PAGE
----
Monday 27 May 2013

Leamington Art Gallery

Leamington Art Gallery. Some works in their permanent collection:

Green Landscape, Anthony Whishaw, (acrylic on canvas)

Influenced by two art movements, Abstract Expressionism and the British romantic landscape tradition, Whishaw tries to combine abstract form with figurative elements to create 'a parallel experience to reality rather than a description of it'.

Orange Umber, Terry Frost, 1960 (oil on canvas)

Born in Leamington, Frost left school at 14 and joined the army soon after the outbreak of WWII. He was captured on active service in Crete in 1941 and spent the next four years in prison camps. It was during this time that he met the artist Adrian Heath and learnt about the artists' colony in St Ives. On release Frost married and enrolled at Camberwell School of Art before moving to Cornwall.

Frost's brightly coloured canvases demonstrate his love of the work of Russian supremacist artists Malevich and Lessitski as well as American expressionists Mark Rothko and Barnett Newman.

Madrigal, Terry Frost, 1949 (oil on canvas)

Frost discovered the song Madrigal by WH Auden when he was in Leamington gallery carrying out research for an assignment for his degree in Art. The song was written for the film Coal Face for which Benjamin Britten composed the music. The collaboration led to a lifelong friendship with Britten. Frost was attracted to the song not only because he felt empathy with the miners in the Midlands, but because it also described a miner leaving work to meet his 'Kath' , which was also the name of Frost's wife.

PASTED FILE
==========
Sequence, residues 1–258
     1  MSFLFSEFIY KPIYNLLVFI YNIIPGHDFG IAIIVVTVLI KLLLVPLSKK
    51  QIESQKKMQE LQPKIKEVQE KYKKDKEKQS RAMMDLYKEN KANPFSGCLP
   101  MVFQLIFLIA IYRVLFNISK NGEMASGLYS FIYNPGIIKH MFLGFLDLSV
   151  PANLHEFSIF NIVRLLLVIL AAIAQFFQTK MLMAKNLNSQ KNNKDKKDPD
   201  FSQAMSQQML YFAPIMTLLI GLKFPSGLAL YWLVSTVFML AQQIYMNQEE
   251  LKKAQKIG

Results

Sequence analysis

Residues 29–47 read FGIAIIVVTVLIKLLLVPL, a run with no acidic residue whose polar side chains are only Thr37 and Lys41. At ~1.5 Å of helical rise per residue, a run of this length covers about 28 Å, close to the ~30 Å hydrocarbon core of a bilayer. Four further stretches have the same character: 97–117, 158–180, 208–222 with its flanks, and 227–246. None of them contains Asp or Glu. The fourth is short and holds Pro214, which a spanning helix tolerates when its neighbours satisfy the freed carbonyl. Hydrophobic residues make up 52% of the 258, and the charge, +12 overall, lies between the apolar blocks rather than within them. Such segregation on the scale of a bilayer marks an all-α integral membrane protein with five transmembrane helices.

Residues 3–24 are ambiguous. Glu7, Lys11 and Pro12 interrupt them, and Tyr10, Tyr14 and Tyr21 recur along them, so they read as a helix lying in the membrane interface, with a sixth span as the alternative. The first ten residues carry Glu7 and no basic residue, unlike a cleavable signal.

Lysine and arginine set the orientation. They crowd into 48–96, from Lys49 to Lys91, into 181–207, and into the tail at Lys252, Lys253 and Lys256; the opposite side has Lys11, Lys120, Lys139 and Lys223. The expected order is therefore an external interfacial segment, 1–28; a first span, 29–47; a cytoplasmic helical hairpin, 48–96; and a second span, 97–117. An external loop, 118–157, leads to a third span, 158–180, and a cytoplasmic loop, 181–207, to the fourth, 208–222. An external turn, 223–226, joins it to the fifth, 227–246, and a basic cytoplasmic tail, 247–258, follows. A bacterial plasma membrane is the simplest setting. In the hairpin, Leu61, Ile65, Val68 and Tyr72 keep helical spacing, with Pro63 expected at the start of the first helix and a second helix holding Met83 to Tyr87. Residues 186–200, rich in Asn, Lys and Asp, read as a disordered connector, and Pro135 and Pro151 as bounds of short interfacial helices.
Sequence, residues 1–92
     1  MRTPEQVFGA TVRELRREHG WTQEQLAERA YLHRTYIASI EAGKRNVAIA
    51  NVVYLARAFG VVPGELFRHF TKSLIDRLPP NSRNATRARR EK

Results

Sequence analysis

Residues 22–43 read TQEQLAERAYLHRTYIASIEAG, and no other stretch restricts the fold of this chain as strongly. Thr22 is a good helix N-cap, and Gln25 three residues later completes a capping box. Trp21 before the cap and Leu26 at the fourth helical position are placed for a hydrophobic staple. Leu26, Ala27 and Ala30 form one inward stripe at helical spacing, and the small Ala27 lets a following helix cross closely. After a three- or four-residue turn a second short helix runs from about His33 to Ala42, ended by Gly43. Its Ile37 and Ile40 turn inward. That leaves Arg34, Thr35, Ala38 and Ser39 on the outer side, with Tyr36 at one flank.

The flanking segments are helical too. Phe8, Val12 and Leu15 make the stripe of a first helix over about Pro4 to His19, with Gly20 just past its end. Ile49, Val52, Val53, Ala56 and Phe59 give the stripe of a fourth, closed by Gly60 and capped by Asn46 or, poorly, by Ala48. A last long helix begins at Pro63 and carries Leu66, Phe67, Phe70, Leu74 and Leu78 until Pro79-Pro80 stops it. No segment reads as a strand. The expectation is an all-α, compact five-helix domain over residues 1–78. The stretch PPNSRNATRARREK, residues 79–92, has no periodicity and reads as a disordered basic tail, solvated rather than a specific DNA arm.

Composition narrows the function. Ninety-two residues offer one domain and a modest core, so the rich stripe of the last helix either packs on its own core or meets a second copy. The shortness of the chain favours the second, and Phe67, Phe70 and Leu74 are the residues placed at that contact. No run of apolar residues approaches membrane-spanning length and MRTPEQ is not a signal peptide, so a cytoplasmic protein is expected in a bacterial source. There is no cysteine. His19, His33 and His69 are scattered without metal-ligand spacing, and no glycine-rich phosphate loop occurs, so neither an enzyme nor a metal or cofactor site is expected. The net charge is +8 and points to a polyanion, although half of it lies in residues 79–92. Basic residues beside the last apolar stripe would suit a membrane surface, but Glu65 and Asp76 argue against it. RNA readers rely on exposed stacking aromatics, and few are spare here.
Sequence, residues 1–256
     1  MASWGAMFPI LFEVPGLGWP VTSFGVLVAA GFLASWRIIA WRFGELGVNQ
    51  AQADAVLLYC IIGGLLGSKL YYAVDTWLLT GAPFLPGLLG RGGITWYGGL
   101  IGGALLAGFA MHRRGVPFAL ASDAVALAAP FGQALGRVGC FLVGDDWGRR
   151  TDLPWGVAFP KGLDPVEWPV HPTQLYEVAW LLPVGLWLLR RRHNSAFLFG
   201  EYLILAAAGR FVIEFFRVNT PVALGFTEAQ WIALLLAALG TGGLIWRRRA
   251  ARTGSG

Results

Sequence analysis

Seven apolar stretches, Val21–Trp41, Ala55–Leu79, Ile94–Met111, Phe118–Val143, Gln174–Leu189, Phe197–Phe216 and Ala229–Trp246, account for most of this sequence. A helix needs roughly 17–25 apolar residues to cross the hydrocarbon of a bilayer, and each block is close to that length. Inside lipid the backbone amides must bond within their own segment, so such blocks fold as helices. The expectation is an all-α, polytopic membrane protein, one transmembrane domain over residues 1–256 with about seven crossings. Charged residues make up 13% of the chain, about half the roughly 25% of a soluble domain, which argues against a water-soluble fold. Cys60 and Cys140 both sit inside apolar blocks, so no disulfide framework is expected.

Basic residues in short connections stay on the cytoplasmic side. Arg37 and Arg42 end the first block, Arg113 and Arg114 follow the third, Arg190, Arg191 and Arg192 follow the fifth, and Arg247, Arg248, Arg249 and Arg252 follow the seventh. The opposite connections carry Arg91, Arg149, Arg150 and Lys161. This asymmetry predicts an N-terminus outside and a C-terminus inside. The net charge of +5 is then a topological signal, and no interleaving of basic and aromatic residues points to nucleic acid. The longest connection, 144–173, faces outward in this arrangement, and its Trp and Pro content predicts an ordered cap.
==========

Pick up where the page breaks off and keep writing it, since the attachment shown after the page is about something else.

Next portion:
The Spirit of the Snake, Eduardo Paolozzi, 1965 (screenprint on paper)

Paolozzi created some of the finest examples of Pop Art. The print is one of four given to Exhall Grange Primary School. They show the artist's fascination with popular culture, science fiction and advertising. The print is from the As Is When portfolio of 12 screeprints which was inspired by the life and theories of philosopher Ludwig Wittgenstein: based on elaborate collages, the prints employ fragments of text, abstract patterns, pictures of aeroplanes and other machines, together with Disney characters. He has described the prints as 'a kind of combined autobiography'.

Wittgenstein at the Cinema Admires Betty Grable, 1965 (screenprint on paper)

As above

as above.
Some of these works are on loan from Exhall Grange School in Coventry, founded in 1951 as a residential establishment for children with visual impairments. In 1970 the headteacher of the school, George Marshall, decided to develop a collection of art for the children to enjoy. He felt that his pupils should be able to appreciate the best art available, so he contacted a range of contemporary artists asking them to donate work. His powers of persuasion encouraged leading artists such as John Bratby, John Piper and Eduardo Paolozzi to donate works to the school, resulting in an excellent collection. These works of art are on loan to the Leamington Art Gallery while the school is undergoing refurbishment and will be returned to the school when building work is completed, to be enjoyed by a new generation of pupils.
Isn't that a wonderful story?

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